Defeated Baltimore, 27-24-AFC Championship



Dallas Cowboys (10-4)


Head Coach: Tom Landry
299 Points Scored
221 Points Allowed

Starting Quarterback: Craig Morton


Road to the Super Bowl:
Defeated Detroit, 21-14-NFC Divisional Playoffs
Defeated Minnesota, 16-10-NFC Championship



The Game

The first rematch in Super Bowl history took place between the Dallas Cowboys and the Oakland Raiders. Just two years before, defense had ruled the day as Dallas took Super Bowl III. With so many players from each team still playing in Super Bowl V, there was little doubt that it would be another defensive struggle, though no one could see that it would be the lowest scoring Super Bowl in history.

The game did not start out as if it would become a defensive struggle. On the opening drive of the game, Oakland was able to use it's running game effectively against Dallas and on the sixth play of the drive, Hewritt Dixon broke off tackle to the right and scampered 38 yards for the opening score. Oakland led 7-0, and their defense was going to make sure that they could hold the lead this time.

Dallas was battered and bruised against Oakland's defense this time around. They could muster only one first down in the first quarter, and quarterback Craig Morton was under an almost unstoppable pass rush by the Raiders. On their first possession of the second quarter, however, the Cowboys were able to move down the field, with Morton converting a third and eight and a third and fifteen, in route to a Mike Clark 41 yard field goal. Now, it was Oakland who was facing the pressure from a Dallas defense that knew full well what it could do. Lamonica was intercepted late in the second quarter, ending a possible scoring drive, and the first half ended with the Raiders up 7-3.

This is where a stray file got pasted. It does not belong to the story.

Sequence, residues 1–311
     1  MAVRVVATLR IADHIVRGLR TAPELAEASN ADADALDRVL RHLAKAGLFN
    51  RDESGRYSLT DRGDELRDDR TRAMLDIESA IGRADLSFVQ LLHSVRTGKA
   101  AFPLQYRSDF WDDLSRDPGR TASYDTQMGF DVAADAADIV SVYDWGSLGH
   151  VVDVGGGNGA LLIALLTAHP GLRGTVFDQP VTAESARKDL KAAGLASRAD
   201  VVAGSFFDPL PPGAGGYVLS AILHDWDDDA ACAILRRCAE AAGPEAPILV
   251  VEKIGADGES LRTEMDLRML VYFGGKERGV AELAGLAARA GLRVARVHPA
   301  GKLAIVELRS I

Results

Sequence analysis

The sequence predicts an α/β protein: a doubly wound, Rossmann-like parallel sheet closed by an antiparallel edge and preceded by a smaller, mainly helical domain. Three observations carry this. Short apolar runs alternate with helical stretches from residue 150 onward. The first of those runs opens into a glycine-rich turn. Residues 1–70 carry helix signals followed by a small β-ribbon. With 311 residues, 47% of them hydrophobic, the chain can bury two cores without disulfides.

The third quarter was more of the same, with both teams attempting to use their running games to tire out and find holes in the opposing defenses. Dallas' two pronged attack of Duane Thomas and Walt Garrison did well, as did Oakland's Hewritt Dixon. Though neither team could get into scoring range, both knew what had to be done in the fourth and final quarter, and one team would finally be able to take advantage of a benefitial situation.

On their first possession of the fourth quarter, Dallas coach Tom Landry decided to remove Craig Morton from the game, replacing him with Roger Staubach. The move worked perfectly, as Staubach's running ability confused the Raiders, and his passes were crisp an on target, as opposed to much of what had left Morton's hand that day. Slowly but surely, the Cowboys drove down the field on the arm of Staubach. Finally, with just over eight minutes to go in Super Bowl V, he swung a pass out to Calvin Hill, who turned and ran upfield seemingly through every Oakland defender for a 27 yard touchdown reception. The extra point put Dallas up by three, 10-7.